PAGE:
Messy Divorce Leave Lawyer on Shaky Ground

0224divorce
 
In Ontario, a 68-year-old lawyer we’ll call Charles has a substantial six-figure income. But after a bitter divorce that cost him a bundle in legal fees and property and left him with four children to raise on his own, he had to start over.
 
Today, Charles pulls down a $148,000 salary that goes with being counsel in a large corporation. When he finally quits, he will have a pension which, with Canada Pension Plan benefits, will be just over half of his present income. Moreover, he will not have much of a financial cushion on which to rest. After he services debts that are 1.2 times his net worth, he will have a meager income on which to live.
 
Charles’ current net worth, about $260,000, is less than the $320,000 value of his house. He has debts of about $319,000, including a $246,564 mortgage on the house, which he bought in 2010 after renting for many years and not capturing capital gains in the booming Ontario real estate market. Now he has $105,436 equity in his house and $83,580 of financial assets. And those assets are a story in themselves. 
 
Currently, 70% are in low-return GICs. Aware that he was neophyte in stock investing and dubious about the prospects of managed mutual funds, he stayed in things that would not go down in a sinking stock market.
 
“I did not get good investment advice, realized that, and moved my money to GICs,” he explains. He preferred to take losses through inflation rather than through sinking share prices. It was short-run prudence over long-run fear, he admits. 
 
Family Finance asked Derek Moran, head of Smarter Financial Planning Ltd. of Kelowna, B.C., to work with Charles.
 
Charles’ present income, $148,200 a year plus $11,000 of CPP, leaves him with $98,000 a year to spend.
 
That’s $8,166 a month. In retirement, he will rely on a pension that, including CPP, will be $78,000 a year plus a one-time severance payment of $70,000 subject to tax at a rate that could be as high as 58%.
 
In retirement, Charles will be able to keep most of his Old Age Security benefits and so have $82,243 a year, or $6,853 a month. before income tax.
 
Income tax at an average 26% will leave him with disposable income of $5,070 a month, 62% of his current take-home income. Debt-service charges of $15,516 a year, or $1,293 a month, will leave him with $3,777 a month.
 
That would cover monthly expenses but leave little room for unexpected costs. He will be on tight budget at best on a discretionary income that is just 47% of what he brings home now.
 
There are several things Charles can do to raise his retirement income and to reduce expenses, Mr. Moran says.
 
Strategically, he should plan to reduce taxes, starting with the official retirement date. The OAS clawback, which starts when gross income is $69,562 at 2012 rates, takes all Old Age Security income back when gross income reaches $112,772.
 
If Charles were to take his severance in the same year that he does not work and has only his pension, CPP and OAS, he would lose more than half of the severance to the combination of regular income tax and the OAS clawback. If he takes his severance in the later part of a pre-retirement year after he has passed the end point of the clawback, his severance will have a lower tax rate. The result is contrary to what one would intuitively expect, Mr. Moran notes.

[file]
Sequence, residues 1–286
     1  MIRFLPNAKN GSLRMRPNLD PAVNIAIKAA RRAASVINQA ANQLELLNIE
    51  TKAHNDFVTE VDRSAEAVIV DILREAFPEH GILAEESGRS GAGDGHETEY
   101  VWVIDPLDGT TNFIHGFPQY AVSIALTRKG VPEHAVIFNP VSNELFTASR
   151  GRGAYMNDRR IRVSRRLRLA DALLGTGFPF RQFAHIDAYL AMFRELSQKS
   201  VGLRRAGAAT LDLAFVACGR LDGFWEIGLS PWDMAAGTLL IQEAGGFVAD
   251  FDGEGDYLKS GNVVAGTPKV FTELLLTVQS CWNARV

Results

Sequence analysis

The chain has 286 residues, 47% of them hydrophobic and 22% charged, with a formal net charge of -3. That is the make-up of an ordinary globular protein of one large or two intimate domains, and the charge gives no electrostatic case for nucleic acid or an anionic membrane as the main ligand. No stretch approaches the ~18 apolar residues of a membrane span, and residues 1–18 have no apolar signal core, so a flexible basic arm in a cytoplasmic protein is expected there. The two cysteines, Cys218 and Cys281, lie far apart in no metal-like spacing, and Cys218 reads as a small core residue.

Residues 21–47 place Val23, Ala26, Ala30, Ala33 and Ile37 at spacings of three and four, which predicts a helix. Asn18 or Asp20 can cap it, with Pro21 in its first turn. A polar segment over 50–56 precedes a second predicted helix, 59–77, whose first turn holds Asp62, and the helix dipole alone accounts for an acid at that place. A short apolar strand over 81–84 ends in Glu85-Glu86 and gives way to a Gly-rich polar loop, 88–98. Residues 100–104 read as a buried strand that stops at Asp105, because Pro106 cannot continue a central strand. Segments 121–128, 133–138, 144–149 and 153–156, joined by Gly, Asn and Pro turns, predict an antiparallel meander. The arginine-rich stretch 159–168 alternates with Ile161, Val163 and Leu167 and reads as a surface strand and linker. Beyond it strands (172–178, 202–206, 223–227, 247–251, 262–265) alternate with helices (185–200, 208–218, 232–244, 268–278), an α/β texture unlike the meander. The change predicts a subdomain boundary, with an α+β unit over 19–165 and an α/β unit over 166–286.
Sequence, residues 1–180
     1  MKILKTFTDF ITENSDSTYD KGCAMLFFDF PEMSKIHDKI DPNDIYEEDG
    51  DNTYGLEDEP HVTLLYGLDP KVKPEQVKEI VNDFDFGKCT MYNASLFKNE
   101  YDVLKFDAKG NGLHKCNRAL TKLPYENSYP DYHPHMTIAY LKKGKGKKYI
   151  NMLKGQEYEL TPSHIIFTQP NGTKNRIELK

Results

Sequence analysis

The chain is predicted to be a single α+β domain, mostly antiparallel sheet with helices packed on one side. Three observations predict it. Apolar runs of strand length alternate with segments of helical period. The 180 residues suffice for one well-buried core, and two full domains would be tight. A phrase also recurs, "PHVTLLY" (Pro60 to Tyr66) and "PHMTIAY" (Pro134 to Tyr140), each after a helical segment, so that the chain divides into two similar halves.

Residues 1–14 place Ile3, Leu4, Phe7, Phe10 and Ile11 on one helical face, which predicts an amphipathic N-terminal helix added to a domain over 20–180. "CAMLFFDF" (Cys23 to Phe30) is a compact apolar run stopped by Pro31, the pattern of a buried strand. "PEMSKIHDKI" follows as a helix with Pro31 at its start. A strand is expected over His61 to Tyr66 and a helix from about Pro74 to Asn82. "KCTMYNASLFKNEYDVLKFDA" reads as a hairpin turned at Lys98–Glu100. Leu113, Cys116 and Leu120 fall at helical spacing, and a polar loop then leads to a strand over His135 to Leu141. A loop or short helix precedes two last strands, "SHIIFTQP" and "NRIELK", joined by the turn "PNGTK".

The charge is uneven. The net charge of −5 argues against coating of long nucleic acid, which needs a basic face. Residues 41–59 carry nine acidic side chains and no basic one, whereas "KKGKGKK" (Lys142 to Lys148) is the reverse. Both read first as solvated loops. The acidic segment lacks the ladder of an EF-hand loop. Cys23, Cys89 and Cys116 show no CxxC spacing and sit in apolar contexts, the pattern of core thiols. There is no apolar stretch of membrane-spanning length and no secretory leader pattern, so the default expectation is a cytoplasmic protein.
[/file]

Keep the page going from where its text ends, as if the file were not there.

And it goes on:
messy-ground
Rebuilding the balance sheet
 
Even before he retires, Charles can increase his disposable income. First, harvest taxable investments of $30,105 and $7,000 cash and use the money to pay down the credit line from $72,060 to $34,954. Interest on the line of credit is 3.75%, more than what his cash is earning.
 
Second, put $20,000 of the $70,000 severance cheque into an RRSP. The remainder will be taxable, leaving about $28,000 as disposable income. That can go to reduction of the line of credit to $6,954. The balance can be repaid with monthly savings in less than two months. Elimination of the line of credit will save $210 a month in interest payments. Remaining savings can accelerate mortgage paydown until Charles retires, reducing amortization from the present 27 years to 21.
 
Fourth, use funds in the tax-free savings account, $15,234, for contribution to the cost of a small car to replace a beater that has no value. The current return on GICs in the account, 1.55%, is unattractive. Spend the cash, Mr. Moran suggests.
 
Fifth, restructure RRSP investments to eliminate GICs and boost returns. After inflation at an estimated 3.0% per year, the $31,241 portfolio could generate $937 a year. Money liberated from GICs should be invested in exchange-traded funds with low management fees in a blend of equity and short-term bond portfolios. If present RRSP assets plus $20,000 from his severance are put into RRSPs and grow at 3% a year, the RRSP portfolio would have a value of approximately $69,000 in 10 years.
 
“Charles has the intellectual tools and the motivation to raise his retirement income,” the planner adds. “The problem will continue to be the balance of his large mortgage, but he can either carry that and service it in retirement or, if he wishes, sell his $175,000 cottage and use the proceeds to cut the debt.”
 
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